Many of us have noticed the impact of rising energy bills. New private spending on infrastructure will push bills up further. We’re concerned no one is making sure it’s affordable.
It’s vital that we invest in new infrastructure – whether that’s upgrading train tracks to help us get from A to B, or building new power stations to ensure we can keep the lights on.
However, this kind of investment is expensive – really expensive. We analysed the Government’s National Infrastructure plan, and found that there is £327bn of infrastructure spending planned between now and 2021. And that’s just on the energy, water, telecoms and transport sectors. Some of that is paid for by the Government through tax. However, the majority – £214bn – will be privately funded. This means companies will eventually claw back their spending through higher gas, electricity or water bills and transport fares.
Paying for it with energy bills
£214bn of private funding in the UK works out as a whopping £1,150 per household per year. In reality, that’s not how much each of us will see our bills rise. It’s more complicated than that. Companies might recoup their costs over a longer or shorter time. Businesses also pay bills, so will pay for some of these costs. But that gives you an idea of the scale we’re talking about.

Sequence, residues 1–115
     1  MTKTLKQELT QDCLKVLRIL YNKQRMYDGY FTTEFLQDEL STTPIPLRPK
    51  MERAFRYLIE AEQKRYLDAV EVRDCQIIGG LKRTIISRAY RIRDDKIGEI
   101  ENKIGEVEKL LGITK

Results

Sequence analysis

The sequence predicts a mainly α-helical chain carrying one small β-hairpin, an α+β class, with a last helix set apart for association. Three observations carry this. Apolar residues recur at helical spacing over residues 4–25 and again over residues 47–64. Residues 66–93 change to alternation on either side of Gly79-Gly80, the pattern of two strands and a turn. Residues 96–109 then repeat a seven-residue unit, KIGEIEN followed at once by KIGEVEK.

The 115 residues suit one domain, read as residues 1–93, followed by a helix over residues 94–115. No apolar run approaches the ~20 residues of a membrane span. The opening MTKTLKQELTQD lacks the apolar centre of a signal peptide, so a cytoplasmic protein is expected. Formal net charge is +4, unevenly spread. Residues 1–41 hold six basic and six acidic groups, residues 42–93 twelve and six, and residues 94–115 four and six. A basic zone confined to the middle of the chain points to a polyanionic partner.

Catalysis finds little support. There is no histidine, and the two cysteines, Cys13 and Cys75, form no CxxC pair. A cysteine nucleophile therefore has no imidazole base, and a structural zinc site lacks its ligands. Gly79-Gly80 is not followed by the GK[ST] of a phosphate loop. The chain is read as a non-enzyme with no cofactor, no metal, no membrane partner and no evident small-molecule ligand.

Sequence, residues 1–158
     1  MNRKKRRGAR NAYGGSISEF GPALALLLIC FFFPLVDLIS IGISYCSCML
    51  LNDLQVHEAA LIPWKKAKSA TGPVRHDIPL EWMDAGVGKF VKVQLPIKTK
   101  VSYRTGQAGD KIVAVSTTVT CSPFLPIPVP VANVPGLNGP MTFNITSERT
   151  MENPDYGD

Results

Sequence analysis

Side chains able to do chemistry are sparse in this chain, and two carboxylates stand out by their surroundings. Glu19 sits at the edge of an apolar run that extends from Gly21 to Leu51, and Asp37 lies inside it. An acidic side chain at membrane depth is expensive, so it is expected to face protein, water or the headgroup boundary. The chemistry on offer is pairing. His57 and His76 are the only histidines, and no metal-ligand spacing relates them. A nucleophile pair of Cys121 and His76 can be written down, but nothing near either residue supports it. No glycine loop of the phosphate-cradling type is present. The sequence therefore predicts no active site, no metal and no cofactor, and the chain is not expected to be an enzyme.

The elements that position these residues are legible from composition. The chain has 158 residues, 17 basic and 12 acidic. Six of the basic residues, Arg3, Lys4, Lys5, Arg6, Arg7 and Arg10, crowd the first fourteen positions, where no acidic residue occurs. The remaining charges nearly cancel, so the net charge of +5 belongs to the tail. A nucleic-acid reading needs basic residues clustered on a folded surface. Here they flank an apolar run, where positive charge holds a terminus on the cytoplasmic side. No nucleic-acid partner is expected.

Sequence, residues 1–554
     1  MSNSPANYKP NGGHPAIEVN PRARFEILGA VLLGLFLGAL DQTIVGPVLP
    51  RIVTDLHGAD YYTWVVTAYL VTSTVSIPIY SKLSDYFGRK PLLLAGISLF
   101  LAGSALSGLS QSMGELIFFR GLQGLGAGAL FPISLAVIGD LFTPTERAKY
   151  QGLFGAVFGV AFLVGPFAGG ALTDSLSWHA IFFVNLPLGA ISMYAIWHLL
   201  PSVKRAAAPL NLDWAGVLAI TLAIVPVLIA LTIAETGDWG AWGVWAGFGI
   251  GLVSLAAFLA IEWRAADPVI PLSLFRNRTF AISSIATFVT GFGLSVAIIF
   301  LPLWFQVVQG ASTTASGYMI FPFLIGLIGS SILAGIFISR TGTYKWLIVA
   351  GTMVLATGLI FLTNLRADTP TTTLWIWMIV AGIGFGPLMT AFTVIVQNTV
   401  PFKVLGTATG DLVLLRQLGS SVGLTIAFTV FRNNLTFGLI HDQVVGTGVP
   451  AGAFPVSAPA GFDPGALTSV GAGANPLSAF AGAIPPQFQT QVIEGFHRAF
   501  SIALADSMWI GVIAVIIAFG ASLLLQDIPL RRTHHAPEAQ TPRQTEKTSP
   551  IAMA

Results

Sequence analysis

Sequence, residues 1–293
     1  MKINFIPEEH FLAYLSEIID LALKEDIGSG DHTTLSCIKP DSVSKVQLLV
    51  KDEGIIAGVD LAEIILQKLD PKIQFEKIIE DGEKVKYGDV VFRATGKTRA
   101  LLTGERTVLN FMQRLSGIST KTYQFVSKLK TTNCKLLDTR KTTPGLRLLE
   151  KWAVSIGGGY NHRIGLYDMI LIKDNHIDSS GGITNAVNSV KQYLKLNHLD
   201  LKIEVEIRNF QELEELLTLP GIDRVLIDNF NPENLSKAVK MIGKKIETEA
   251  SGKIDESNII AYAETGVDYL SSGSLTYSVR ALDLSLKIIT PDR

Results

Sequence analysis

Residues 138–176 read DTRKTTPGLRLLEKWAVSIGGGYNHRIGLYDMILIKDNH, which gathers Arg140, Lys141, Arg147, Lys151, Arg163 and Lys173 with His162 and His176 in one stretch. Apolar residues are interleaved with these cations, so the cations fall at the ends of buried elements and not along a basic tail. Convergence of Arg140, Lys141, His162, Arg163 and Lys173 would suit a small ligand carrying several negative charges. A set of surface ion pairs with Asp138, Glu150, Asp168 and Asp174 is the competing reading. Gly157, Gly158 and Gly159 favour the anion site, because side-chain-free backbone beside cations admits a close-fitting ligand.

At Which?, we’re concerned that no one has a proper grip on how this investment will filter through into consumer bills, and whether we can actually afford it. As you will know from reading the papers and your bank statements, the price of these essential services has risen a lot in the last few years.
We want to see better scrutiny of infrastructure spending. This will ensure it is being delivered efficiently, offers value for money, and is affordable for consumers. Tomorrow, the House of Commons will debate an amendment to the Infrastructure Bill that we’re backing. The amendment would create an independent body to scrutinise infrastructure spending and publish its findings. This would allow the Government to check infrastructure projects are on track and decide whether new investment is affordable for consumers.
Are you worried about the costs of new infrastructure projects? Are there other issues relating to infrastructure that concern you?